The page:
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Airshow pilots hit hard by cancellations

Economic storm hits worldwide

An online international airshow calendar gives a sense of the devastation.

The U.S. Air Force Thunderbirds perform at EAA AirVenture 2019. While it is not yet known whether AirVenture 2020 will take place as planned, many other airshows in the United States and around the world have been canceled. Photo by David Tulis.

Large and small flight displays have been canceled or indefinitely postponed from New Zealand to New Jersey—and the hit list keeps growing.

The U.S. Air Force Thunderbirds and U.S. Navy Blue Angels consistently draw millions of spectators to airshows across North America—but spectators are not gathering anywhere this year. And pilots with warbirds or highly specialized aerobatic aircraft who count on airshows for their livelihoods have had their revenue slashed without warning.

Also, it’s unknowable whether shuttered airshows will be able to continue once the threat of the coronavirus lifts—and if they do continue, whether spectators will return in their former numbers.

“Everyone’s going through some very difficult, truly unprecedented times right now,” said John Klatt, a veteran airshow performer and chairman of the International Council of Air Shows (ICAS). “We’re going to support each other, we’re going to rally, and I believe we’re going to come back stronger than ever.”

Unlike previous downturns when airshow pilots could shift to airline or corporate flying gigs, or run altogether separate businesses, this time most U.S. airlines and corporate flight departments have radically reduced their flying, and countless businesses across wide sectors of the economy are in jeopardy.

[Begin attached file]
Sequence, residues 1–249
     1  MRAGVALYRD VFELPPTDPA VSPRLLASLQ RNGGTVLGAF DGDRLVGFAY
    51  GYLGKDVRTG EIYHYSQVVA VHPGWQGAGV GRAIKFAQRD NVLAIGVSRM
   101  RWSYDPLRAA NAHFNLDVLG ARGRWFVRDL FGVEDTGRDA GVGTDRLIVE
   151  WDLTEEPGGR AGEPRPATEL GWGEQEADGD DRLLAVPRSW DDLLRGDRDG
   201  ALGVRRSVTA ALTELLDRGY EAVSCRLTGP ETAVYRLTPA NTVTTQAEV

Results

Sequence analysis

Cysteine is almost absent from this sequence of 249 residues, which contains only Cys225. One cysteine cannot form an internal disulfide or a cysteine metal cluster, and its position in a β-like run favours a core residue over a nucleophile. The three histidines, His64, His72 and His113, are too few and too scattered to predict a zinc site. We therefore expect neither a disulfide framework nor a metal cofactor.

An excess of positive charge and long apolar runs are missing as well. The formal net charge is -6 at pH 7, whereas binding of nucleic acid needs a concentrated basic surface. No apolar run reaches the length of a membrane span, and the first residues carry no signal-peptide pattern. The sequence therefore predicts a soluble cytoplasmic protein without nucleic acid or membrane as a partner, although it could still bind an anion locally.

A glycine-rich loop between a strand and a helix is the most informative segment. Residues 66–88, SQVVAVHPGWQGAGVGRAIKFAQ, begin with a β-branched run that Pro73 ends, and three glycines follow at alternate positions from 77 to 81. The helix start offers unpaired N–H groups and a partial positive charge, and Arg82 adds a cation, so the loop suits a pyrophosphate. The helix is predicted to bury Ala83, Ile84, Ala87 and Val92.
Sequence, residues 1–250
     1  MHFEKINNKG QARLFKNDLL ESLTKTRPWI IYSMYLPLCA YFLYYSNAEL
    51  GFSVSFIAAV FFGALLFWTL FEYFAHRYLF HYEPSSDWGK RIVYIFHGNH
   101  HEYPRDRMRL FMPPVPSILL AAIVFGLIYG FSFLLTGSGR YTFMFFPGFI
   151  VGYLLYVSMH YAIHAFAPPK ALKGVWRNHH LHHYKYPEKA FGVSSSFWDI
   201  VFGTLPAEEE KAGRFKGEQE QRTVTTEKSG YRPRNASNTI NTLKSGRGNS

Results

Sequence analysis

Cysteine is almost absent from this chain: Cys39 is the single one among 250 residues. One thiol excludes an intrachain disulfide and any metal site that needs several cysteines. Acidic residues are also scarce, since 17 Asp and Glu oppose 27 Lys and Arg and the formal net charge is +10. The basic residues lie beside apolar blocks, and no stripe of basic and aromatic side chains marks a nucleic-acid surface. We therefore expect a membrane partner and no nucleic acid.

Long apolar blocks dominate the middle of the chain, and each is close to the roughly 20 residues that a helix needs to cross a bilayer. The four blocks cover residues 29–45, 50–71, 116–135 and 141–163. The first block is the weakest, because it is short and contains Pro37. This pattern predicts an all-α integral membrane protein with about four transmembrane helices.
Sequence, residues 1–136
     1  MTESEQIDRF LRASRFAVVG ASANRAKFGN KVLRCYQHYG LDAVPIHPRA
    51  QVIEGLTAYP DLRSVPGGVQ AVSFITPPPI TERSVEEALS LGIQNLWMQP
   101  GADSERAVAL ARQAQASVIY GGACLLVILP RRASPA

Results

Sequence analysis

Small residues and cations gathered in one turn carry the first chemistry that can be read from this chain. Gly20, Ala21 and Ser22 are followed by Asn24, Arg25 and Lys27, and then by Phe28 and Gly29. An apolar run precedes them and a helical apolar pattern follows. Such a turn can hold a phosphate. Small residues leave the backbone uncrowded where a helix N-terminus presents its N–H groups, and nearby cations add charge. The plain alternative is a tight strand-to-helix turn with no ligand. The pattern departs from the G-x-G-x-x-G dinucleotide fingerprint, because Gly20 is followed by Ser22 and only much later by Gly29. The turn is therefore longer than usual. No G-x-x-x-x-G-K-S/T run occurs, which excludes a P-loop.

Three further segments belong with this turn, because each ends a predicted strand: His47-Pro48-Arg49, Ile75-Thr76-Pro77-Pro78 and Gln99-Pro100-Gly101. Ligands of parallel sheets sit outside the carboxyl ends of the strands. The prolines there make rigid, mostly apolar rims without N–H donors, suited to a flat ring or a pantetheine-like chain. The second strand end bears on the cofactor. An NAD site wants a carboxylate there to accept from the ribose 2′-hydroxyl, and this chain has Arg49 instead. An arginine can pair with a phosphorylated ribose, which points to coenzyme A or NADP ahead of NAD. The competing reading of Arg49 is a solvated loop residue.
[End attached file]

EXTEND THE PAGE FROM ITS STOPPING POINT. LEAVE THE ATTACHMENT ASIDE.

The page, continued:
Until now, the most comparable economic shock to airshows followed the 9/11 terrorist attacks when domestic airspace was declared off limits. But from a purely economic perspective, those tragic events took place in autumn when the airshow season was mostly complete—and the aviation industry recovered broadly in time for the next flying season.

Another lean year for airshows took place in 2013 when “sequestration” slashed federal budgets, stopped military airshows, and cut the military presence at civilian airshows. The broader economy was relatively strong that year, however, and airshow pilots had other outlets that could help absorb the airshow shortfall.

This year, a few organizations are attempting “virtual” airshows—notably Clemens Kuhlig (“Chef Pitts”), whose free online broadcast is set to appear April 18 on Facebook.

Other performers are pursuing their own online strategies. Scott “Scooter” Yoak, a P–51 Mustang owner and pilot who performs aerobatic routines in Quick Silver, is starting a YouTube channel to distribute a video series he’s creating about learning to fly, maintain, and perform low-level aerobatics in a wide range of warbirds.

“I’ve got 50 episodes mapped out,” said Yoak, an airline pilot living in South Carolina. “That’s enough to keep me busy for at least a year.”

Yoak, a certificated airframe and powerplant mechanic, is continuing to invest and upgrade Quick Silver, an award-winning P–51. He recently had a spare V-12 Merlin engine overhauled so that it’s ready to install when needed.